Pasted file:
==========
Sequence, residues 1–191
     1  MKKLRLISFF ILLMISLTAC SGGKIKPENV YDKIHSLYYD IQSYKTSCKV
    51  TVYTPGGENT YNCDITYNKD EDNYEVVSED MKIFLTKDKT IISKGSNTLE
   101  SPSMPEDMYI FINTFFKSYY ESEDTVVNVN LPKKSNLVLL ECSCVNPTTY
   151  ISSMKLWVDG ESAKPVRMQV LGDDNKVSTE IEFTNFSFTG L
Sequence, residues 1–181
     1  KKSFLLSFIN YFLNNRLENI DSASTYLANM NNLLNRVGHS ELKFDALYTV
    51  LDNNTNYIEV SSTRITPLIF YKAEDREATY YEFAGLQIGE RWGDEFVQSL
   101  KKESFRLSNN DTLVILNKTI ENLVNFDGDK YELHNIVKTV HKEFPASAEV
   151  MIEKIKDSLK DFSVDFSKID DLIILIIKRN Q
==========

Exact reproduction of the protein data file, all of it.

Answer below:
Sequence, residues 1–191
     1  MKKLRLISFF ILLMISLTAC SGGKIKPENV YDKIHSLYYD IQSYKTSCKV
    51  TVYTPGGENT YNCDITYNKD EDNYEVVSED MKIFLTKDKT IISKGSNTLE
   101  SPSMPEDMYI FINTFFKSYY ESEDTVVNVN LPKKSNLVLL ECSCVNPTTY
   151  ISSMKLWVDG ESAKPVRMQV LGDDNKVSTE IEFTNFSFTG L
Sequence, residues 1–181
     1  KKSFLLSFIN YFLNNRLENI DSASTYLANM NNLLNRVGHS ELKFDALYTV
    51  LDNNTNYIEV SSTRITPLIF YKAEDREATY YEFAGLQIGE RWGDEFVQSL
   101  KKESFRLSNN DTLVILNKTI ENLVNFDGDK YELHNIVKTV HKEFPASAEV
   151  MIEKIKDSLK DFSVDFSKID DLIILIIKRN Q